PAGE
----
Henry Clay Frick, the grandson of a wealthy businessman, was born in Pennsylvania in 1849. At nineteen Frick started work as a bookkeeper with his grandfather's company. With the help of family money, Frick began buying coal mines. This was a highly successful venture and he eventually controlled 80 per cent of the coal output of Pennsylvania.
One of Frick's best customers was Andrew Carnegie, the owner of a large steel company. The two men became business partners. Carnegie purchased a controlling interest in the Frick Coke Company and Frick obtained 11 per cent of the Carnegie Steel Company.
Although Carnegie remained the largest shareholder in the company, he retired from active management in 1889. Frick now became chairman of the Carnegie Company. At the time, the firm consisted of various mills and furnaces in the Pittsburgh area. Frick was concerned that there was no centralized management structure and so in 1892 all productive units were integrated to form the Carnegie Steel Company. Valued at $25 million it was now the largest steel company in the world.
In an effort to increase profits, Frick decided to lower the piecework wage rate of his employees. In 1892 the Amalgamated Iron and Steel Workers Union called out its members at the Carnegie Steel's Homestead plant. Frick now took the controversial decision to employ 300 strikebreakers from outside the area. Organised by the Pinkerton Detective Agency the men were brought in on armed barges down the Monongahela River. The strikers were waiting for them and a day long battle took place. Seven Pinkerton agents and nine workers were killed before the governor obtained order by placing Homestead under martial law.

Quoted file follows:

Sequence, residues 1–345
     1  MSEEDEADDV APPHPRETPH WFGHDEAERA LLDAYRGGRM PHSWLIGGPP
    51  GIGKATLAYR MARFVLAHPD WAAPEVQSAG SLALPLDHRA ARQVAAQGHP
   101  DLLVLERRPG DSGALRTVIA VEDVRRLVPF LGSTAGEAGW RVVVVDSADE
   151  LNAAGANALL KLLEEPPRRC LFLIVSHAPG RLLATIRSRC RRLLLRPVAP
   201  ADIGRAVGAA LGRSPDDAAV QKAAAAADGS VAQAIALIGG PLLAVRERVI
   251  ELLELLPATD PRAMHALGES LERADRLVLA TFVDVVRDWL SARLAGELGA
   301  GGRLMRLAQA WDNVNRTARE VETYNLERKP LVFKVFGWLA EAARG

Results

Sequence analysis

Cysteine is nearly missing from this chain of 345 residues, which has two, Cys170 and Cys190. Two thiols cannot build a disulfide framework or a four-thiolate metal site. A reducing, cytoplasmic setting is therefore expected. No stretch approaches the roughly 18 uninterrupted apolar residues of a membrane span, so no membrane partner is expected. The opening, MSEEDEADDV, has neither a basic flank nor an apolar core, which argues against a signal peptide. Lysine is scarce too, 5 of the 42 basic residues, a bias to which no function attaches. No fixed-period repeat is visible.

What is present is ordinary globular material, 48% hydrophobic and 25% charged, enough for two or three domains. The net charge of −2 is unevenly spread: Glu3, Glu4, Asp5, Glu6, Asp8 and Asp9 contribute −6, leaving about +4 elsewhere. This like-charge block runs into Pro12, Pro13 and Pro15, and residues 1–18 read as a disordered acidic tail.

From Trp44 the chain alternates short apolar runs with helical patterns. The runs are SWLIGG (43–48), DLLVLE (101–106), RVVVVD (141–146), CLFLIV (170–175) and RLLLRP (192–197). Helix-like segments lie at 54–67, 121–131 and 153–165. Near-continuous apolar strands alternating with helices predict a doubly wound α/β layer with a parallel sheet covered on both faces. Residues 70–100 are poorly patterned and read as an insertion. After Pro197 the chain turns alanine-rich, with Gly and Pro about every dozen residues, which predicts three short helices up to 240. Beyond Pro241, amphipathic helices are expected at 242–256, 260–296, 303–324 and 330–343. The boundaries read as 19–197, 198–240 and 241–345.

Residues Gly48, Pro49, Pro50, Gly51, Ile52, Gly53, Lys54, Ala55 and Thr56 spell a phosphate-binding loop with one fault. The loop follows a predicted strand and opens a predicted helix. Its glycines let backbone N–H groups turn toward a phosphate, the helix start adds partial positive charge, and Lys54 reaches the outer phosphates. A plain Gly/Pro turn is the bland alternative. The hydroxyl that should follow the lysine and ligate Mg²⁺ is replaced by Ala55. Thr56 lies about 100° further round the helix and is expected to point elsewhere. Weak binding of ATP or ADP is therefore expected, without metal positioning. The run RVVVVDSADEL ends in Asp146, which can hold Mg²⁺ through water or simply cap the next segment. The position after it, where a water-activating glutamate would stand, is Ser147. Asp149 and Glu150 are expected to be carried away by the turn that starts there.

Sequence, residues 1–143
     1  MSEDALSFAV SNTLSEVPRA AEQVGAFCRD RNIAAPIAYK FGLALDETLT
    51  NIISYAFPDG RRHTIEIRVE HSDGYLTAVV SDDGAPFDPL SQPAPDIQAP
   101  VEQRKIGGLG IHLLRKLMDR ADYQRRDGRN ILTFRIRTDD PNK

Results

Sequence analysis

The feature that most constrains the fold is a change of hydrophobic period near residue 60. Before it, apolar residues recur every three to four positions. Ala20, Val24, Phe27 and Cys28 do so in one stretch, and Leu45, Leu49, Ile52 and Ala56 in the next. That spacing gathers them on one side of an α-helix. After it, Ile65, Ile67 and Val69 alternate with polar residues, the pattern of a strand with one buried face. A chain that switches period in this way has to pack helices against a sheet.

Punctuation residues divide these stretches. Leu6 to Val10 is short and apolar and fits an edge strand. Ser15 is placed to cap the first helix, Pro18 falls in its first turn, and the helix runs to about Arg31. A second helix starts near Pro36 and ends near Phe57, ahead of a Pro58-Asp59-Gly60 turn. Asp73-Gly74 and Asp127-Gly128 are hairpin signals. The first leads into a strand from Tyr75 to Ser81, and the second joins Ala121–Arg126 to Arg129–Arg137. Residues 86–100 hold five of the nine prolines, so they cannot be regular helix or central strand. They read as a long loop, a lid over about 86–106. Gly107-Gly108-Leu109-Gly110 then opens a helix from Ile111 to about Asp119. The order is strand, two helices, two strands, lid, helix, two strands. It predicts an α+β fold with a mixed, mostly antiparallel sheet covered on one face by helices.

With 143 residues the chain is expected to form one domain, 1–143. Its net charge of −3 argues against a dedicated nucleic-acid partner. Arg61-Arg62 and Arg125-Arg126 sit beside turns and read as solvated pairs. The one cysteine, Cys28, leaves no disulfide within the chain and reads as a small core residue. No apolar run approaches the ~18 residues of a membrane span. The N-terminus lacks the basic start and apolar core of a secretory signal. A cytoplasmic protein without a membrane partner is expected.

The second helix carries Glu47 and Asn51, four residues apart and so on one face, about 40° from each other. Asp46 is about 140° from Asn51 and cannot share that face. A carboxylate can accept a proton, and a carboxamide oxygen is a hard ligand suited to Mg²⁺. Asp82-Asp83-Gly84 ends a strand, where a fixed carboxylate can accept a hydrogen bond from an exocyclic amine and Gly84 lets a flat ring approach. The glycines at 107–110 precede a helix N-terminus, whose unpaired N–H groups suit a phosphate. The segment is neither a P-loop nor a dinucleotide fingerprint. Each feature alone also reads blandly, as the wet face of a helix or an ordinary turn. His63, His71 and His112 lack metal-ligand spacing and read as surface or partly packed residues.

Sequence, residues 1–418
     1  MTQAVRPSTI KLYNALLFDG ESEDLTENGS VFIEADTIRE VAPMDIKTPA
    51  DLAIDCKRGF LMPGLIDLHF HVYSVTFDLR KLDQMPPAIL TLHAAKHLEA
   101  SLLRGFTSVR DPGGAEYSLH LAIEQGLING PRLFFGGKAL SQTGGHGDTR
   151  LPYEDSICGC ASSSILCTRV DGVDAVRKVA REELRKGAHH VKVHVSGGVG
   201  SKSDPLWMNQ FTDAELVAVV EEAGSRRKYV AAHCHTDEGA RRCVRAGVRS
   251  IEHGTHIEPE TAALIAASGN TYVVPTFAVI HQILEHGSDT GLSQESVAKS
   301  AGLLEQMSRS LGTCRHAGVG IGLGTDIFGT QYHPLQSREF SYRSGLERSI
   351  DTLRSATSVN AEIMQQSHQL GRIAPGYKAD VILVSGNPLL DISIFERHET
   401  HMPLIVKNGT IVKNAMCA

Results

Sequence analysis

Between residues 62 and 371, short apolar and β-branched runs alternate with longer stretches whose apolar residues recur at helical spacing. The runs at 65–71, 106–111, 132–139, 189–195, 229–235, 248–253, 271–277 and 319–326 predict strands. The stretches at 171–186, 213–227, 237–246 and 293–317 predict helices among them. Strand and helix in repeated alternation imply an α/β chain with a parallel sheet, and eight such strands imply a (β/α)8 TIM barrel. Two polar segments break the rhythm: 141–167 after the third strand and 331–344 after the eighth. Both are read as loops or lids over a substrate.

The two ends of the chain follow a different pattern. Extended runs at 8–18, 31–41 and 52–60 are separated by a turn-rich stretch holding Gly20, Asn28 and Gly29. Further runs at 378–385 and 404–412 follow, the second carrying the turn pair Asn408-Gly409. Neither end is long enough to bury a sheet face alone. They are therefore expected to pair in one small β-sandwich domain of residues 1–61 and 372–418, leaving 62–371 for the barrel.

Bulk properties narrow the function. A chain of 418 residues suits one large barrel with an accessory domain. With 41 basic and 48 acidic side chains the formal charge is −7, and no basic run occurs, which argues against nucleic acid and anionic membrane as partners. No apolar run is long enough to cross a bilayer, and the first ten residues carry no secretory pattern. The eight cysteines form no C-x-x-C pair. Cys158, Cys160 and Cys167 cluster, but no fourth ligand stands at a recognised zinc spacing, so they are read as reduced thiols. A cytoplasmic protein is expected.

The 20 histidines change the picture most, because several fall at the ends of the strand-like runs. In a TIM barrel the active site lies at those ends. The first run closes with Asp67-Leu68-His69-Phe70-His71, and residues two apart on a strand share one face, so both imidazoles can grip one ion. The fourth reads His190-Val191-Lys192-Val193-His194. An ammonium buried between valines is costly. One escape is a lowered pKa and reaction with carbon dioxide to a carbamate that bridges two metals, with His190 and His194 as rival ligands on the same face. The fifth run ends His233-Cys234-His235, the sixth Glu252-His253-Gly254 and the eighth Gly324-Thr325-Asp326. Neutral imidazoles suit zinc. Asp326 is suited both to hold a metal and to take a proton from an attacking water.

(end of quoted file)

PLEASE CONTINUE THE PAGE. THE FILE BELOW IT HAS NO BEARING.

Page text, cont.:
Frick was criticised for causing the violence at Homestead by importing strikebreakers. One man, Alexander Berkman, the companion of Emma Goldman, attempted to assassinate Frick. After gaining entry into his office, Berkman shot Frick three times and stabbed him twice. However, Frick survived the attack and made a full-recovery.
The Carnegie Steel Company continued to expand and between 1889 and 1899 annual production of steel rose from 332,111 to 2,663,412 tons, and profits increased from $2 million to $40 million. There was growing conflict between Frick and Andrew Carnegie during this period. This came to a head in 1899 and Carnegie bought out Frick for $15 million.
Henry Clay Frick worked as a director of several large companies until his death in 1919. He left a fortune of nearly $50,000,000 and five-sixths of it was donated to charitable organizations. This included bequeathing $15,000,000 and his mansion in Fifth Avenue, New York, to establish the Frick Art Museum.